Arthritis in your dog

This blog details the different types of arthritis, how osteoarthritis progresses in dogs, what causes it and how massage can help a dog suffering from it. I finish by giving you ideas to help you manage the condition at home.

 
 
 
 
 

Coco had Cruciate surgery and will develop arthritis in his knees

14 year old Leo has arthritis in his hips and knees

High impact sports like Flyball & Agility increase the risk of joint injury and arthritis

The main types of arthritis

There are two types of arthritis and it's important to know which one your dog has.

Rheumatoid Arthritis is an inflammatory disease, originating in the immune system, and is relatively rare in dogs. If your dog has Rheumatoid Arthritis they should not receive massage.

Osteoarthritis is a degenerative joint disease where cartilage within the joint breaks down. Cartilage should act as a cushion, protecting the ends of the bones and preventing bone on bone contact. When cartilage breaks down, the bones make direct contact, causing friction and risking bone fragmentation. The joint becomes inflamed and this causes pain.

Massage can be really beneficial for dogs suffering from osteoarthritis and naturally complements veterinary interventions such as prescribed anti-inflammatory and pain medications.

 

In many cases, massage can alleviate symptoms sufficiently to reduce the maintenance dose of drugs your vet prescribes. Whilst massage cannot cure Arthritis it can make your dogs life easier and happier!

Progression of osteoarthritis

As changes in the joint are permanent the loss of cartilage means the joint remains inflamed (to a greater or lesser extent) and this makes the joint harder to move. The musculature surrounding the joint 'splints' it to protect it from further damage. This causes the joint to become even more restricted. Further joint changes then occur with bony spurs growing around the damaged bone ends.

In addition, the body tries to manage with less cushioning by reducing friction in the joint. This is done by producing more synovial fluid, but this increases inflammation and adds pressure to the ligaments (tissue that holds bones together) and the joint itself.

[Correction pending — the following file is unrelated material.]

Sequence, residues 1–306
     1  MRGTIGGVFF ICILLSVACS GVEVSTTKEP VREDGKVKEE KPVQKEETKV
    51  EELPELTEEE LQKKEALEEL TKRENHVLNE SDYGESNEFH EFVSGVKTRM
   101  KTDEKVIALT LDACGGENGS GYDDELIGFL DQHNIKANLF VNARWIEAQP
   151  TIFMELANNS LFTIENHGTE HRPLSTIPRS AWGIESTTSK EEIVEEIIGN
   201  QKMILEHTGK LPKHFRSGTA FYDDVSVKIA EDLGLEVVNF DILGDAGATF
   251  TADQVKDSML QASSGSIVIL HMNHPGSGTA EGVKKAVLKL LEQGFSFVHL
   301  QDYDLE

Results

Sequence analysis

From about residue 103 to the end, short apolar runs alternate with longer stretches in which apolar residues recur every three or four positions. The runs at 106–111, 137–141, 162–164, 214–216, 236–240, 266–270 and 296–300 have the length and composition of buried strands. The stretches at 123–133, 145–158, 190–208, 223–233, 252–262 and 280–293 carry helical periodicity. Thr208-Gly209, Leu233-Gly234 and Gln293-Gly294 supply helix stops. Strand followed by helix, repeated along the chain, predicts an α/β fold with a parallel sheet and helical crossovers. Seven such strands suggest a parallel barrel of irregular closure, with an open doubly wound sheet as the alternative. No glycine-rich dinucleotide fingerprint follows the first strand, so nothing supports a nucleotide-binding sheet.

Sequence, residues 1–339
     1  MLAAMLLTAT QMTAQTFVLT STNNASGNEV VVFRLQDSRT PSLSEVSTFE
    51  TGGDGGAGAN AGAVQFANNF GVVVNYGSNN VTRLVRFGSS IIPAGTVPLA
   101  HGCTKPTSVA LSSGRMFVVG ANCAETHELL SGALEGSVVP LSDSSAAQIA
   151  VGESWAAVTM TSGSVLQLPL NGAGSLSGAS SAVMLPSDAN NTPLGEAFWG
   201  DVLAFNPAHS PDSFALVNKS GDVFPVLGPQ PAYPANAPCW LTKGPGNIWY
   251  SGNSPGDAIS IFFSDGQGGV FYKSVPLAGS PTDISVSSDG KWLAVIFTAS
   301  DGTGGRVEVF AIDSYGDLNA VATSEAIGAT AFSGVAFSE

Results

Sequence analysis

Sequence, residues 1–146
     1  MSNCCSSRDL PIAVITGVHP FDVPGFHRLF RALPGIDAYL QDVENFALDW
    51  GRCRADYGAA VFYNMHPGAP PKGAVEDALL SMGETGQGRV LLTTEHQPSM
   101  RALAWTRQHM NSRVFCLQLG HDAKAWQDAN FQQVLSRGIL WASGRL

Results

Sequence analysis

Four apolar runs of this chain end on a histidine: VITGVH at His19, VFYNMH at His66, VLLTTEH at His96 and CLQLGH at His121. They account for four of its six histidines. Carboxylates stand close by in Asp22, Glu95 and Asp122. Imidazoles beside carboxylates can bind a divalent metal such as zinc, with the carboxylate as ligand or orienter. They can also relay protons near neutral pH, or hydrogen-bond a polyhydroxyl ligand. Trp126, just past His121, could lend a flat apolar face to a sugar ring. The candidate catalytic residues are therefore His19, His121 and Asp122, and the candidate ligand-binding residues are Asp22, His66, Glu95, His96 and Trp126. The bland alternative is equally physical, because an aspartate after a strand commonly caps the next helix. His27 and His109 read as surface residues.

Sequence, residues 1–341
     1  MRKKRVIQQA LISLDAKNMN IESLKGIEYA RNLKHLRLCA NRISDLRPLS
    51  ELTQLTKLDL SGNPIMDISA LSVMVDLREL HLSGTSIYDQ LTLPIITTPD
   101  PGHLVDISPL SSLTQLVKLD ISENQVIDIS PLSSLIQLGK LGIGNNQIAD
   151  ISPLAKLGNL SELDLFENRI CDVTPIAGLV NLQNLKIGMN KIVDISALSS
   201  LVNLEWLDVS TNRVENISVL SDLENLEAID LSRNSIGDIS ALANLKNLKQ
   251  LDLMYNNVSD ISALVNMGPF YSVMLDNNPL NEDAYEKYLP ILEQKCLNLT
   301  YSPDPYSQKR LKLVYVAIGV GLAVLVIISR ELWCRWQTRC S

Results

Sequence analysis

Your dog will by now be moving with significant stiffness and probably have an intermittent or permanent limp.

The limp is a result of an automatic response to reduce the pressure on the damaged joint. The body shifts weight onto the other limbs. This 'compensation' causes other areas of the body to carry more weight, resulting in muscle tightness and increasing the likelihood of damage to previously healthy joints.

What causes Osteoarthritis

Arthritis is often considered an age related disease, however it will appear in dogs with other joint issues such as dysplasia, cruciate injuries and even those that have lost dew claws. It can also be caused by:

  • Impacts such as jumping from heights

  • Landing awkwardly or with repetition ( e.g. from vehicles or over obstacles)

  • Trauma (impact caused by injury)

  • Excess weight

  • Poor conformation - i.e. poor breeding

  • Diabetes and Cushing's can affect the health of cartilage

Canine massage can help by:

  • Improving mobility overall and in the affected joints

  • Reducing painful inflammation

  • Reducing tension in splinting and compensating muscles

  • Supporting better weight bearing

  • Improving balance and coordination

  • Reducing overall stiffness

  • Improving mood and emotional well-being

  • Supporting greater activity levels

All the above results in an overall reduction in pain

Things you can do to help your arthritic dog

  • Reduce the time your dog spends on slippery floors and use non-slip mats where necessary

  • Keep your dog warm by moving beds out of draughts and using coats

  • Manage weight and add supplements which include Glucosamine, Chondroitin and Hyaluronic Acid to support the lubrication of the joints

  • Raise food and drinking bowls

  • Manage access to stairs and use ramps where possible

  • Make sure the bed they use allows them to lie flat and provides support whilst being stable and easy to get in and out of

  • Reduce walking duration but look to increase the number of walks a day

  • Introduce enrichment activities into their lives

  • Don't be afraid of using pain relief when it is required

Eva has hip dysplasia and will develop arthritis in her hips

© 2018, Safe Hands Clinical Canine Massage.

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